There are currently almost more feral pigs in Australia than there are people. Farmers across Queensland have been battling to control pest animals across the board for many years but are particularly concerned that right now the number of feral pigs seem- to be exploding.
Many farmers are reporting that they are seeing more feral pigs than they have seen in a decade, and that there are feral pigs turning up in areas of the state that they have not often been found in previous years.
Drought-breaking rain and above average wet seasons in many regions have provided perfect conditions for feral pig breeding and birth rates are booming with experts estimating the national population could be as high as 24 million and growing rapidly.
This is concerning for a number of reasons. Feral pigs cause extensive harm to farm enterprises destroying crops, damaging irrigation systems, disrupting soil structure, preying on lambs and having a negative overall impact on agricultural production.
Environmentally, feral pigs are also extremely damaging as active spreaders of invasive plants, causing soil erosion, degrading wetlands, preying on small mammals and significantly affecting marine turtle populations by eating their eggs.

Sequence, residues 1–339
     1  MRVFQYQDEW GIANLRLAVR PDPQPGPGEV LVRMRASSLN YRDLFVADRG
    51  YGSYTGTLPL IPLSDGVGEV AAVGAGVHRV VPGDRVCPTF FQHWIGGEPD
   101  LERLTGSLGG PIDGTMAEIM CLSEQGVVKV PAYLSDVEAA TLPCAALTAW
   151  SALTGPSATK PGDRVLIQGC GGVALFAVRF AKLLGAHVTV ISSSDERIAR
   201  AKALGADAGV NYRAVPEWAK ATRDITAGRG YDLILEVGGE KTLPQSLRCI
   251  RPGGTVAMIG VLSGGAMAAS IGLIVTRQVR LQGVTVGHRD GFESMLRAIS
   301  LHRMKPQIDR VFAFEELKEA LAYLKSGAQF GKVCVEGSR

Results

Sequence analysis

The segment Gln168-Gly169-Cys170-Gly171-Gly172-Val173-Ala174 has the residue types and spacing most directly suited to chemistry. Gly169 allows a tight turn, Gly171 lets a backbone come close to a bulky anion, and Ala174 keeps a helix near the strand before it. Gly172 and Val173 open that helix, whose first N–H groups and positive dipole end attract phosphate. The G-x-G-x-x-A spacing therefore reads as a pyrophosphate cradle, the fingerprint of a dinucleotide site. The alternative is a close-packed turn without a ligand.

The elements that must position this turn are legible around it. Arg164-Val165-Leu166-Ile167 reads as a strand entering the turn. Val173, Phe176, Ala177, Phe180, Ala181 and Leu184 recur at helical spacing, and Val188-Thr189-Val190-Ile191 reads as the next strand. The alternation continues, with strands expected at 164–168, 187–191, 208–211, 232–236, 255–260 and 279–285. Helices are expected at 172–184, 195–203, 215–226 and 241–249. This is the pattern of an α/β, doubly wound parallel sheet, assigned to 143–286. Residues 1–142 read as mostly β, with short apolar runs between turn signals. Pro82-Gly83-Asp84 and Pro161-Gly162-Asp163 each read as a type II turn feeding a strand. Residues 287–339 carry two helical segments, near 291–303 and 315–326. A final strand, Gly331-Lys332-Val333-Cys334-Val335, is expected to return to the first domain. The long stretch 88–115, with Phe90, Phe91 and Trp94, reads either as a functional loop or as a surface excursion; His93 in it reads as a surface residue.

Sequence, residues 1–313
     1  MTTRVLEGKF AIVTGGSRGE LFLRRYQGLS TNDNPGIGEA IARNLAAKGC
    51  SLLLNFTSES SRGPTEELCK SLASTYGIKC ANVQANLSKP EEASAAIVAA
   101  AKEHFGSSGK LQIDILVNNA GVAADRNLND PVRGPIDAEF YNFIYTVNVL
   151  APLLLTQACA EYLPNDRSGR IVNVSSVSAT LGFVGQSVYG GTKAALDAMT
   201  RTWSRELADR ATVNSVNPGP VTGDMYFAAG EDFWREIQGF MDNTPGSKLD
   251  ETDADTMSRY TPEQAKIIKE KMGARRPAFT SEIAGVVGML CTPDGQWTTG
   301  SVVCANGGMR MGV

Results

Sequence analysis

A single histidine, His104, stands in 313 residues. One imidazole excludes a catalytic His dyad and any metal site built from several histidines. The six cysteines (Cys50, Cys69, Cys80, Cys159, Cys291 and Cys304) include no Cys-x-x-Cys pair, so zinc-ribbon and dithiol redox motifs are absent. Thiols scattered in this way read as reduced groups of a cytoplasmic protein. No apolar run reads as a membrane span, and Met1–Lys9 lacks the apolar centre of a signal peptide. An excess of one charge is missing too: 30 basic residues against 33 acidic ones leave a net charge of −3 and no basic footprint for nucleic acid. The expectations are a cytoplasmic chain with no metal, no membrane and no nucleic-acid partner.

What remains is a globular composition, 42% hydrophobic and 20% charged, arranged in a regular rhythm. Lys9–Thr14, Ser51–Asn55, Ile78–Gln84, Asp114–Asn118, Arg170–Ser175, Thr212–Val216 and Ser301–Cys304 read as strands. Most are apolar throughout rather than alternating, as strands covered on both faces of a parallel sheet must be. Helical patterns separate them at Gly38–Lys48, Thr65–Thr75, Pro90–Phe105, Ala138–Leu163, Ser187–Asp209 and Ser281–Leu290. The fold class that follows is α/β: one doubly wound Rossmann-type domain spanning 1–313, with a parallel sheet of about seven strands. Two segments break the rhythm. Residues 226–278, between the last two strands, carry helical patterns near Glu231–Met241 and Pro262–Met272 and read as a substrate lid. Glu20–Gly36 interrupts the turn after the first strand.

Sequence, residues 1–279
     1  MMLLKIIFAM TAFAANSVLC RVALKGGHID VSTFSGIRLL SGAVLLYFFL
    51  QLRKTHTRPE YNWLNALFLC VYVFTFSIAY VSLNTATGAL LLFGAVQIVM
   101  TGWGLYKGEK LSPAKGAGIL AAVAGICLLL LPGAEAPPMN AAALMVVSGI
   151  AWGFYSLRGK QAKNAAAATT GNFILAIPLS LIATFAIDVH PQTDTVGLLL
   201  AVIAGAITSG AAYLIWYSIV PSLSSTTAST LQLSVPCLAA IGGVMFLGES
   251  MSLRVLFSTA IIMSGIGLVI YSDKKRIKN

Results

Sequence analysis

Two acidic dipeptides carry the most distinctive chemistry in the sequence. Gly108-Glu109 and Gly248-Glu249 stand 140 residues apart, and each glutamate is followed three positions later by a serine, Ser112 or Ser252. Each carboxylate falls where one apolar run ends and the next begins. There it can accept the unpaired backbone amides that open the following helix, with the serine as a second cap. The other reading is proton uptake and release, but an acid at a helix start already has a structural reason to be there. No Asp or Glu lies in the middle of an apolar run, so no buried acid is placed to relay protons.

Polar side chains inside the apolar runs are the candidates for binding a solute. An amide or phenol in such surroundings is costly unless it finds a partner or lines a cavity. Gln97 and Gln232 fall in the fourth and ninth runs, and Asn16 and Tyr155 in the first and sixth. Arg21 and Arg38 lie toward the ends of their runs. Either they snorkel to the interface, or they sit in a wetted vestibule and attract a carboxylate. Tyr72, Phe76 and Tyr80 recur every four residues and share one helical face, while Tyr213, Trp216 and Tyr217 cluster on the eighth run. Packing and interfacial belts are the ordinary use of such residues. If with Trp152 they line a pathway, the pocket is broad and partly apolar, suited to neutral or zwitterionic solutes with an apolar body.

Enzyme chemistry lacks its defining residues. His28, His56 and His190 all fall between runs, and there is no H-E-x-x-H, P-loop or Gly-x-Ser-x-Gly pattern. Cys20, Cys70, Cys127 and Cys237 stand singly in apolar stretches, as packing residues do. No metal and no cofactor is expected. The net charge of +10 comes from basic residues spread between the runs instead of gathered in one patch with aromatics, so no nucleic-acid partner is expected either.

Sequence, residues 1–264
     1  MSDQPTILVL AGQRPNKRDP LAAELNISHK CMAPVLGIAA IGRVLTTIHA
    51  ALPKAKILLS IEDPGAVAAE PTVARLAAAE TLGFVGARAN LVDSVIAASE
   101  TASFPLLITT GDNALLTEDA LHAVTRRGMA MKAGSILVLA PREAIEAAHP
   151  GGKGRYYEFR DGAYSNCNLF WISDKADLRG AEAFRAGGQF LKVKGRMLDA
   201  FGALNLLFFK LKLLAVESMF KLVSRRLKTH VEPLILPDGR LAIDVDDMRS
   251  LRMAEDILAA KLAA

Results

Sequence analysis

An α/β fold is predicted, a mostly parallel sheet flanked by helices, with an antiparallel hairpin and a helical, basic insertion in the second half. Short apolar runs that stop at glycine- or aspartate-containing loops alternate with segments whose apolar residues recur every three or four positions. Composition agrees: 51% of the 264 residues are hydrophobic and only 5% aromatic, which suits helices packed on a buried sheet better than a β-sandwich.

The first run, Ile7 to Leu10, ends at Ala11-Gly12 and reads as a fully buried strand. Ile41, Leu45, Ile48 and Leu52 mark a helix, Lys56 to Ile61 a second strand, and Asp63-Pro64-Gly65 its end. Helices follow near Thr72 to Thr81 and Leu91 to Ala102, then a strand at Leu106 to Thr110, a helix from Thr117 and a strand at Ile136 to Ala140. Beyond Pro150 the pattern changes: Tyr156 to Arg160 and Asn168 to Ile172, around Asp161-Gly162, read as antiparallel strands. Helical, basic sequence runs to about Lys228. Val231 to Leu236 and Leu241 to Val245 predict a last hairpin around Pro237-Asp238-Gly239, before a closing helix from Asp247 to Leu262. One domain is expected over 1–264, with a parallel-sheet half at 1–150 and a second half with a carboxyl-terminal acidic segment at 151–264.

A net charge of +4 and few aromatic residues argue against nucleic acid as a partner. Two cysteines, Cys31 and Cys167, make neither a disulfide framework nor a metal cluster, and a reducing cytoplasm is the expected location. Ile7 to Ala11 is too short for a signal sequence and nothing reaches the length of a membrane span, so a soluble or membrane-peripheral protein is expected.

But pigs can also carry, spread, and transfer many diseases and the management of associated health and biosecurity risks is very difficult when dealing with a large population of feral pigs. Prolific spreaders of noxious weeds, pigs are often active carriers of a range of diseases as well that can infect both livestock and, in some cases, humans.
With recent threats of Japanese encephalitis and foot and mouth disease very much front of mind for farmers across the state, there is growing concern of the biosecurity risk increasing numbers of feral pigs pose for communities and for agriculture.
This year we have seen confirmed cases of JEV in domestic or farmed pigs in several states including Queensland and sadly, we have seen the deaths of five people as result of the virus. It is also reported that JEV has been detected in the feral pig population in the Northern Territory.
Farmers are working with government to try to contain the increasing numbers of feral pigs across the state but much more needs to be done.
While aerial shooting programs and new trapping technologies are proving to have some success, chemical and baiting controls are still the most effective tool in reducing feral pig numbers, particularly in seasonal conditions like those currently being experienced across much of the state.
Farmers need the support of all levels of government to get on top of the burgeoning feral pig numbers in Queensland for the good of industry and the broader community. We need to continue to use the most effective controls we have available to us, including baiting, until new methods are developed and proven to be effective on ground. We need to make sure we are vigilant across all landscapes including national parks which can become breeding grounds for feral pigs if left unchecked.
We must work together and get serious about gaining control of feral pig numbers across Queensland for the good of community health, the environment, regional economies, farming and agriculture.
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